After the baby-sitter ’structions, Mother and Daddy kissed me good-bye.
Then they went to work.
I jumped way high in the air.
“Oh boy! Oh boy! Now they’re gone! And so you and me can have fun! Right,
Grampa? Right?”
I zoomed into the kitchen and climbed on top of the ’frigerator.
“HEY, GRAMPA! COME LOOK WHERE I AM!”
Grampa Miller came in the kitchen.


“Look! Look how high I am up here! Now I can be the king. And this can be my
throne. And you’re my servant named Pinkie. And you have to fetch me stu . And also I
get to hit you on the head with my sword.”
Grampa Miller lifted me off the ’frigerator. He put me back on the floor.
“Yeah, only I didn’t give you permission to do that, Pinkie,” I said.
“Sorry, little girl. But you heard the rules,” said Grampa. “And anyhow, I have to
finish feeding Ollie his breakfast bottle.”


He went back into the living room.
“Hey, Grampa! You just gave me a very great idea! ’Cause I think I’ll eat my
breakfast, too. Only I can fix mine all by myself!”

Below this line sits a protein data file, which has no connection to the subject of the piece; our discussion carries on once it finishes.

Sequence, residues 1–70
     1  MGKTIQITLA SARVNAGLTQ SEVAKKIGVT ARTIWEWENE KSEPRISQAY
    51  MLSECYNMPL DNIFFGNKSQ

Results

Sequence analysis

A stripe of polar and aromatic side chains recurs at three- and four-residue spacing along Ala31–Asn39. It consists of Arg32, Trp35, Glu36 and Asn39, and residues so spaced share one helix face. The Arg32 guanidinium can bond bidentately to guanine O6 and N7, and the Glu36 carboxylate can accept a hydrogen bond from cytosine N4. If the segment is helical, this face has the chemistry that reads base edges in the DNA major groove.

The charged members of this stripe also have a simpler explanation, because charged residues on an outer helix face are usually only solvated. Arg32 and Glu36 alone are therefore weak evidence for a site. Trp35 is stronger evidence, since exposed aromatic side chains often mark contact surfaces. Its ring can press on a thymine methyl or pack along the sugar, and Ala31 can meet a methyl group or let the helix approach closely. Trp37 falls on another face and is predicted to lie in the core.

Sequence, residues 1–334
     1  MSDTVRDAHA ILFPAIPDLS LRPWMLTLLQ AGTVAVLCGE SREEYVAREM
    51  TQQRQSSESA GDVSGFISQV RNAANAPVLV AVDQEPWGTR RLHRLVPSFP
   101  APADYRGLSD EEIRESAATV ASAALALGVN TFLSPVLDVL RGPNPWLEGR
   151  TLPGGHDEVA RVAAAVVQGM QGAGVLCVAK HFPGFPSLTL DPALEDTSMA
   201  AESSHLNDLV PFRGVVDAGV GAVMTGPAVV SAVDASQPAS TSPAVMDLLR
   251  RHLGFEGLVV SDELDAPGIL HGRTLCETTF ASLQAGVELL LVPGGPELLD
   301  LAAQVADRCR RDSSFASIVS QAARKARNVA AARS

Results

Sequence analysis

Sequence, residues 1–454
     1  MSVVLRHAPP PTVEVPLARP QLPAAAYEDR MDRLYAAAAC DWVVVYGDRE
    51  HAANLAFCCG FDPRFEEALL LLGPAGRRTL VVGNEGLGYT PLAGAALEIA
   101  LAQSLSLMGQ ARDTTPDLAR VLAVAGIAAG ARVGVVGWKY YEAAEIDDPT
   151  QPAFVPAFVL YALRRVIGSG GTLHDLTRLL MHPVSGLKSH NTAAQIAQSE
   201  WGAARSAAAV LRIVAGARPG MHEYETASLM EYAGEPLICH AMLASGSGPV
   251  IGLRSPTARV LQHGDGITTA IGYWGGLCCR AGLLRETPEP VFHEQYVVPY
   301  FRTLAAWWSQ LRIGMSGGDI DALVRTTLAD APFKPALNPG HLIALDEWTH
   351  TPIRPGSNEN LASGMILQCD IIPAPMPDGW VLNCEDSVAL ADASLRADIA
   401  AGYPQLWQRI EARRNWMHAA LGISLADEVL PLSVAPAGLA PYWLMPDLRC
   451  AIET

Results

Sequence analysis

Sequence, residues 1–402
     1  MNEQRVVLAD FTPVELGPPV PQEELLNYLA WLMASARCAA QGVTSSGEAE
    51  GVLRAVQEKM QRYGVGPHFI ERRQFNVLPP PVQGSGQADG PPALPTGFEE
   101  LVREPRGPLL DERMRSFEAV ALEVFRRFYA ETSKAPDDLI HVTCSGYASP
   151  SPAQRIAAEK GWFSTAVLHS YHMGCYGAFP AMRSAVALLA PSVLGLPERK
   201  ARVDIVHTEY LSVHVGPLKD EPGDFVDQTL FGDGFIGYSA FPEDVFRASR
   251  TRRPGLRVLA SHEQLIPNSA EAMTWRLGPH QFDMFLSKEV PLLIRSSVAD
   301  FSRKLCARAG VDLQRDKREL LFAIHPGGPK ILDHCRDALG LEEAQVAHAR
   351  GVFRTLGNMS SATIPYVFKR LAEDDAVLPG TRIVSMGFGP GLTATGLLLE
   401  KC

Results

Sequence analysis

I hurried up and got out the ’greedients. ’Greedients is the stuff you mix together.
Like the bowl.
And the spoon.
And the cereal.
And the milk.
Except for the milk carton was very too heavy for me. And so I just got the orange
juice, instead.
I put my bowl of cereal on the floor. Then I poured orange juice to the tippy-top of it.
I took a giant bite.
“Yum,” I said. “This is the most delicious breakfast I ever ate. Except for it doesn’t
actually taste that good.”
Just then Grampa Miller came in the kitchen. He said no eating on the floor.
“Yeah, but I don’t like to sit in my big kitchen chair,” I said. “’Cause I’m not tall
enough to reach the table. And so Mother makes me sit on a telephone book. Only that
thing hurts my behiney.”
My grampa looked in my bowl. “What in the world are you eating?” he asked.
“I am eating cereal and orange juice,” I told him. “It is very delicious. Except for it is
going to make me puke, I think.”
Then Grampa Frank Miller opened the ’frigerator. So he could nd me a better kind of
breakfast.
“How ’bout some fruit?” he said.
“Yea!” I shouted. “Yea for fruit! ’Cause fruit is the bestest thing I love!”
I folded my hands very polite. “I would like some bananas and some peaches and